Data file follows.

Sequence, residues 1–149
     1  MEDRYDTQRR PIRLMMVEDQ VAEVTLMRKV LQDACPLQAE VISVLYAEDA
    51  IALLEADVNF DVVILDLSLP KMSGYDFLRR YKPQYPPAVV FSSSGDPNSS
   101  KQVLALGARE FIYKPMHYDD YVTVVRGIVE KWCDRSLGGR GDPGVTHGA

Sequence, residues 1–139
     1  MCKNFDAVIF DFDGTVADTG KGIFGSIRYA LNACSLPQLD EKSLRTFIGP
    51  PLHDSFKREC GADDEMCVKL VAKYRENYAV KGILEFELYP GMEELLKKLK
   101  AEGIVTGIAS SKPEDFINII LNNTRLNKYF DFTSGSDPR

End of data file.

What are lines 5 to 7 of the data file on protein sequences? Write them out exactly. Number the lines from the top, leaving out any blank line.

Sequence, residues 1–139
     1  MCKNFDAVIF DFDGTVADTG KGIFGSIRYA LNACSLPQLD EKSLRTFIGP
    51  PLHDSFKREC GADDEMCVKL VAKYRENYAV KGILEFELYP GMEELLKKLK